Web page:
The Y2K Challenge: Is extra cash a wise idea?

News reports on Y2K have focused recently on the growing number of people who plan to make significant withdrawals from their bank accounts, in anticipation of millennium bug problems at their bank. As we’ve noted in past columns, banks everywhere, and Canada’s in particular, are very well prepared for the millennium. If you are really doubtful, you can get hard copies of your account statements and status reports just before December 31, 1999, and keep them in a fireproof box.

Of course, there are many people who still want to have a good chunk of their money in hand as cash on the fateful day. The Bank of Canada and other currency providers have already anticipated this, and are planning to produce extra banknotes to meet what will undoubtedly be an increased demand.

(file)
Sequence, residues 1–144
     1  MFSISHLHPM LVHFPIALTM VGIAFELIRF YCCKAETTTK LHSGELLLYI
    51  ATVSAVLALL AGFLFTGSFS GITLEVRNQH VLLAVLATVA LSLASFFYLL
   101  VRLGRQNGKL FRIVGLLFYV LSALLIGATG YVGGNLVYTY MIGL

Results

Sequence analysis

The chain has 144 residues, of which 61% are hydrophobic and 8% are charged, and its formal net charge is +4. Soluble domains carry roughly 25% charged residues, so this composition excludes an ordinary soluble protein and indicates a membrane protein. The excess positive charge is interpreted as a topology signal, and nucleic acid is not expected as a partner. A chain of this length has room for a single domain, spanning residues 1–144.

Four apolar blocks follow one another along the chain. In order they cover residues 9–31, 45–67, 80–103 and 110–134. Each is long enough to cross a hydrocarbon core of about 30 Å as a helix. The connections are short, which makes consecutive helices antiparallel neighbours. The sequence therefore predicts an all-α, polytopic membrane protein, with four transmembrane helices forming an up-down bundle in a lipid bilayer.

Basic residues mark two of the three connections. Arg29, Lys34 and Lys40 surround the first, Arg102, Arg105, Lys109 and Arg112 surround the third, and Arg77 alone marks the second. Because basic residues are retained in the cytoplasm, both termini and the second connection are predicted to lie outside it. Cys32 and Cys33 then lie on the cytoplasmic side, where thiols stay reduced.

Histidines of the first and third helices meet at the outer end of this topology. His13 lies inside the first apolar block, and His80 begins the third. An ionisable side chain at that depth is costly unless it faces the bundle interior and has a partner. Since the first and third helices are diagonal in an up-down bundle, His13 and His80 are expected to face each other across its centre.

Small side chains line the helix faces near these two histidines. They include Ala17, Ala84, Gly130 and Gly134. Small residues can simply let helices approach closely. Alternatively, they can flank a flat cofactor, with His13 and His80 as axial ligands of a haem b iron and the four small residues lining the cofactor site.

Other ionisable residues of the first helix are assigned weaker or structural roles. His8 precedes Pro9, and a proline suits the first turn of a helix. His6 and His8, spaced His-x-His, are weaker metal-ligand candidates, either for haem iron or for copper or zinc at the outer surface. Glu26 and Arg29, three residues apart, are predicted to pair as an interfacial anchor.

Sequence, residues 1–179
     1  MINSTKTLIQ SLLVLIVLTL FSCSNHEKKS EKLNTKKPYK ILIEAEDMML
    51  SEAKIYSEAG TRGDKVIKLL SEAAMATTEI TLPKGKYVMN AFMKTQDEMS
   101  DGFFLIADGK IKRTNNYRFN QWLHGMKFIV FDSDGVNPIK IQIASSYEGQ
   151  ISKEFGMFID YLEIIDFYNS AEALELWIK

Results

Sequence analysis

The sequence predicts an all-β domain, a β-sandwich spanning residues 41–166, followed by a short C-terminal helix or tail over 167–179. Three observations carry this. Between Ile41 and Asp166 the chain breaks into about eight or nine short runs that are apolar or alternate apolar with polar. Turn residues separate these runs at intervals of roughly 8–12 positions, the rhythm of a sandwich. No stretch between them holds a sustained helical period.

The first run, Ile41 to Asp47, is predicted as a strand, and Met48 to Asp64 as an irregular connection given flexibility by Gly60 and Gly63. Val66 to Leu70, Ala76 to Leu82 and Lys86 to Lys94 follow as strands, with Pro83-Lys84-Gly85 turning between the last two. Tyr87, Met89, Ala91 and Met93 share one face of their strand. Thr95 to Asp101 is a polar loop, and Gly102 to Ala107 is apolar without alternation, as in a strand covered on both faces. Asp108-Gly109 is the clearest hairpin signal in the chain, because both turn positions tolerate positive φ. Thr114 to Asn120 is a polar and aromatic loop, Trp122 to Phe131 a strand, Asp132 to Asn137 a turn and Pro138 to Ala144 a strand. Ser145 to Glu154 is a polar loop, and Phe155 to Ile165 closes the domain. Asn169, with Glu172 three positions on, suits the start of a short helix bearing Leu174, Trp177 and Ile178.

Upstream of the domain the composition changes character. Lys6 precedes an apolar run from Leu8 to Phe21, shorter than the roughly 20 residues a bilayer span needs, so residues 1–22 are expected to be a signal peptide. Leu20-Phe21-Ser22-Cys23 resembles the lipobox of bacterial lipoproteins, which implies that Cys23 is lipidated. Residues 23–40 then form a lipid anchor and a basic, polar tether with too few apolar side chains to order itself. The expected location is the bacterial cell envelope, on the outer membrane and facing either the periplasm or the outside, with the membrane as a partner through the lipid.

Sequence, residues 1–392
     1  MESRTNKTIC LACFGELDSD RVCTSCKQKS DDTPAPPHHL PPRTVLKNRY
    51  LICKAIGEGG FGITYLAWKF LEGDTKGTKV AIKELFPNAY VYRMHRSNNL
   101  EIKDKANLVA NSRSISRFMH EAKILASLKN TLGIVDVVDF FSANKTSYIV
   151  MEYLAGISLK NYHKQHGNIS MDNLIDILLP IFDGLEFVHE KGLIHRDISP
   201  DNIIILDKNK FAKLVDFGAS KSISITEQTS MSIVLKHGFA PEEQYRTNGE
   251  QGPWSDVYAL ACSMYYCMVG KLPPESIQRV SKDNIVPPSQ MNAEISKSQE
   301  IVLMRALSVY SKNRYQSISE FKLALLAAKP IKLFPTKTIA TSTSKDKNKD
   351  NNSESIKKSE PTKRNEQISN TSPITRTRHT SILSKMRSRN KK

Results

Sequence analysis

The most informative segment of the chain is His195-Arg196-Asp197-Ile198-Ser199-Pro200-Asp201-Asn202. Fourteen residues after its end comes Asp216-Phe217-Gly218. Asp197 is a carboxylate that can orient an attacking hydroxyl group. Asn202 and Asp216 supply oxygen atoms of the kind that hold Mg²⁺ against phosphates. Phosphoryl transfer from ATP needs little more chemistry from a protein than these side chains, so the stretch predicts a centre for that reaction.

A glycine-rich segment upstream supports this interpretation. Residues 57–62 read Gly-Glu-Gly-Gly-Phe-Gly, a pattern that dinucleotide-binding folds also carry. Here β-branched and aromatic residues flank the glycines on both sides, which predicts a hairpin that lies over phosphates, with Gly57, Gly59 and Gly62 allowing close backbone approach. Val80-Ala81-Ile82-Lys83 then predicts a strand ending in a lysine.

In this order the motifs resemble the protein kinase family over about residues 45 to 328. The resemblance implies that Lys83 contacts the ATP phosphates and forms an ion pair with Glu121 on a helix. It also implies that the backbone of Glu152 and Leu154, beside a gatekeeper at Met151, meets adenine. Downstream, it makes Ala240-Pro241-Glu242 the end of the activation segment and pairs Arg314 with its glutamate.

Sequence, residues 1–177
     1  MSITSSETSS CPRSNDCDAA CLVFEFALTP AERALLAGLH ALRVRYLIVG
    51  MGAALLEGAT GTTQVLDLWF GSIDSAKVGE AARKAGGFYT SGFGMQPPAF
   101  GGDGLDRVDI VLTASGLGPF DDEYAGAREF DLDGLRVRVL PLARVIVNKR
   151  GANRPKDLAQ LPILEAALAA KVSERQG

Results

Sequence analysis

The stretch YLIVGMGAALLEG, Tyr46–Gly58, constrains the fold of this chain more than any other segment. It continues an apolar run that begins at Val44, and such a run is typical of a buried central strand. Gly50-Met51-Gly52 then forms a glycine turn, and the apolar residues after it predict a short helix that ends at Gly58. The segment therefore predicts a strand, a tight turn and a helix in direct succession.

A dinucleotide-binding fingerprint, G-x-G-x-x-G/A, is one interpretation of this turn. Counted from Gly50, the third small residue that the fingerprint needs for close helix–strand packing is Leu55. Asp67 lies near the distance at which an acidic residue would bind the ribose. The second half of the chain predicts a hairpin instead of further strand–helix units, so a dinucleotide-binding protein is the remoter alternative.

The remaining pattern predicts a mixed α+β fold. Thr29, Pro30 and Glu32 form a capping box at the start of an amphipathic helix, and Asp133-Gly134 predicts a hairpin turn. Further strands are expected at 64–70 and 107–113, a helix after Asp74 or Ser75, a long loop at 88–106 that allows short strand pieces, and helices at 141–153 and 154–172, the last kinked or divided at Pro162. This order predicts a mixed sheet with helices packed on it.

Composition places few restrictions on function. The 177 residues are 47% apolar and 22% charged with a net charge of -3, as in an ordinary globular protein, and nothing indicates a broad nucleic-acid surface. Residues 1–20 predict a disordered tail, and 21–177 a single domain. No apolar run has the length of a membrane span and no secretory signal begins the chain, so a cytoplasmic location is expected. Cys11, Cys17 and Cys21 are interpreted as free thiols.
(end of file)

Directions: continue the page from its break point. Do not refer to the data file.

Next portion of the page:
Allan Greenspan, the American who in many ways controls the world economy, offered some good old fashioned advice last week to consumers. His words of wisdom apply equally to Canadians worried about cash and Y2K.

"The most sensible thing is to leave it (cash) where it is," Greenspan told the Senate Banking Committee. "Walking around with a lot of $100 bills is not the safest thi," he said. "There’s going to be an awful lot of people who are going to be pretty interested in that."

Words to remember as the Y2K worries heat up: there is such a thing as being TOO careful.